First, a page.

Faulty Space Suit Repaired by ISS Crew

Faulty Space Suit Repaired by ISS Crew
Astronaut Michael Fincke, Expedition 9 NASA ISS science officer and flight engineer, works with the Extravehicular Mobility Unit (EMU) spacesuits in the Quest airlock of the International Space Station. (Image credit: NASA/JSC.)

The crew of the International Space Station (ISS) has apparently fixed one of two malfunctioning space suits plagued with cooling system problems.

NASA astronaut Michael Fincke, ISS Expedition 9 science officer and flight engineer, repaired the U.S. space suit after a series of troubleshooting efforts to restore it and second suit to service. Both space suits were pulled from operational status in May when the cooling system malfunction was first detected.

"Today was a very nice success," Fincke told ground controllers after checking his repair work today. "Good job."

Fincke spent 4.5 hours Monday replacing a rotor pump in the U.S.-built space suit, called an Extravehicular Mobility Unit (EMU), then followed his work with several hours of checks today to make sure the repair was effective.

The pump was one of many replacement parts that arrived at the ISS last week aboard the Progress 15 supply ship. During normal operations, the rotor pump is responsible for circulating water through miles tubing inside a space suit undergarment that keeps astronauts cool during spacewalks, NASA ISS officials said, adding that the repair job also potentially creates a complement of two operating U.S. space suits on the station.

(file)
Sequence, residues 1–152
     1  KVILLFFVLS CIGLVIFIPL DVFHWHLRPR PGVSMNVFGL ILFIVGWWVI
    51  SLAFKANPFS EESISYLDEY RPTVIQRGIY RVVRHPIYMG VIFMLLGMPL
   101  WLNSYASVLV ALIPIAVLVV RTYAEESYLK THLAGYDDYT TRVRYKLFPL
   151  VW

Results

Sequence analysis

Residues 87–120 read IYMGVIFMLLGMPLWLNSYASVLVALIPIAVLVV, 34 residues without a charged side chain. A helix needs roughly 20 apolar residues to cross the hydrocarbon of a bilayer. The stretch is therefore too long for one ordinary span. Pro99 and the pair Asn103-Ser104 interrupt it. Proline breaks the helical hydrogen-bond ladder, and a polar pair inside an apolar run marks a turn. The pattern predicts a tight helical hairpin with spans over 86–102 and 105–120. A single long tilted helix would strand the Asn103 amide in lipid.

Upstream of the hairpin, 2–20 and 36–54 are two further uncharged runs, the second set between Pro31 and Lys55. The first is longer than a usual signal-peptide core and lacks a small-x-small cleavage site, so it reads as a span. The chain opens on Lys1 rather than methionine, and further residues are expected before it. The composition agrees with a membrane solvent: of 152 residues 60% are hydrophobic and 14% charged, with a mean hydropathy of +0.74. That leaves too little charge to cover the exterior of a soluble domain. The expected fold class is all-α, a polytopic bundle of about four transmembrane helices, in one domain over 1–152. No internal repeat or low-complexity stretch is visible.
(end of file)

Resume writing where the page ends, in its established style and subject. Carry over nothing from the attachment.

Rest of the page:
That's welcome news for the Fincke and Expedition 9 commander Gennady Padalka, as well as future ISS occupants. With their U.S. space suits inoperable, the Expedition 9 crew resorted to Russian-built Orlan spacesuits to perform maintenance on a U.S. segment of the space station during a June 30 spacewalk, work the Orlan suits were not originally designed for.

The space suit fix is not Fincke's only success story this week. The busy astronaut also replaced canisters in the space station's resistive exercise device, which uses tension to simulate weight lifting, bringing the equipment back to normal operations.

"It's been a day of good news for the astronauts in orbit and the International Space Station today," a NASA ISS commentator said today.

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Tariq Malik

Tariq is the Editor-in-Chief of Space.com and joined the team in 2001, first as an intern and staff writer, and later as an editor. He covers human spaceflight, exploration and space science, as well as skywatching and entertainment. He became Space.com's Managing Editor in 2009 and Editor-in-Chief in 2019. Before joining Space.com, Tariq was a staff reporter for The Los Angeles Times covering education and city beats in La Habra, Fullerton and Huntington Beach. In October 2022, Tariq received the Harry Kolcum Award for excellence in space reporting from the National Space Club Florida Committee. He is also an Eagle Scout (yes, he has the Space Exploration merit badge) and went to Space Camp four times as a kid and a fifth time as an adult. He has journalism degrees from the University of Southern California and New York University. You can find Tariq at Space.com and as the co-host to the This Week In Space podcast with space historian Rod Pyle on the TWiT network. To see his latest project, you can follow Tariq on Twitter @tariqjmalik.